Texte paru dans: / Appeared in:

GRAMOPHONE (06/2020)
Pour s'abonner / Subscription information


Code-barres / Barcode : 0635212062227


Outil de traduction (Très approximatif)
Translator tool (Very approximate)

Reviewer: Lindsay Kemp

This really does look like two recordings on one disc. The works it presents are so radically different in style, tone and scoring that it is hard to imagine circumstances in which one would want to hear the two of them together. And that includes Maundy Thursday, for which they were both written. But perhaps that isn’t the point.

Couperin’s divine Leçons de Ténèbres – quietly profound settings of the Lamentations for one and two voices with continuo – are true masterpieces of Baroque church music, the subject of over two dozen recordings reaching back to the 1930s. Some have focused on the music’s unutterable melodic beauty, others on conveying matters of text, and this one favours the former, making good use of two well-matched sopranos with classically attractive, English-style voices. Indeed, though French Latin pronunciation is used, some listeners may wish for a fruitier colouring to the vowels. Julia Doyle, singing the first leçon, shows a good grasp of the music’s expressive workings, leaning ardently on its aching dissonances but refraining from histrionics; surprisingly, she seems to take more breaths than usual in these pieces. Grace Davidson in the second does less with the words but is more fluid and pacy, and her voice floats more gratefully on the air. When the two combine in the third leçon they seem to egg each other on to raise the expressive stakes a little; but overall these performances are what one might call coolly beautiful.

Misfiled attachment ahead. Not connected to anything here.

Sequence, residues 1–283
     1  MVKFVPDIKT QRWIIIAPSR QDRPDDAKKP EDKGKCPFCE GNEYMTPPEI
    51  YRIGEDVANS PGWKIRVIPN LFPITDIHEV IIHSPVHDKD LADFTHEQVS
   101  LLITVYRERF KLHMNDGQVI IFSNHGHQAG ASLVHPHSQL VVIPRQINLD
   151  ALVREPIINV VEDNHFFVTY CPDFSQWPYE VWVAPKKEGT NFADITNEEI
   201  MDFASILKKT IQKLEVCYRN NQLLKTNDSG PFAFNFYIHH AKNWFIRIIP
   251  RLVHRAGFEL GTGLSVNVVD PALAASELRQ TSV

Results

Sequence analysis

By the time you have listened to Gesualdo’s Tenebrae Responsories, Couperin’s exquisitely composed world will seem far away. Even for a madrigalist known for his extreme use of dissonance, this is extraordinary stuff, playing out Jesus’s betrayal in tortured, jagged music that in places is almost too painful to listen to. The singing of six members of Tenebrae (Doyle and Davidson the sopranos) is accomplished, snappy and defined, with firm control of changing dynamics. Nigel Short shows a strong sense of mannerist storytelling, using the text as a spur to action and unafraid to assault the ear when things get chromatically heated; the way the words sometimes shout into the silence of the church is immensely powerful. This is angry, compelling music, not to be mistaken for easy background polyphony.

Sélectionnez votre pays et votre devise en accédant au site de
Presto Classical
(Bouton en haut à droite)

Pour acheter l'album
ou le télécharger

To purchase the CD
or to download it

Choose your country and curency
when reaching
Presto Classical
(Upper right corner of the page)


Cliquez l'un ou l'autre bouton pour découvrir bien d'autres critiques de CD
 Click either button for many other reviews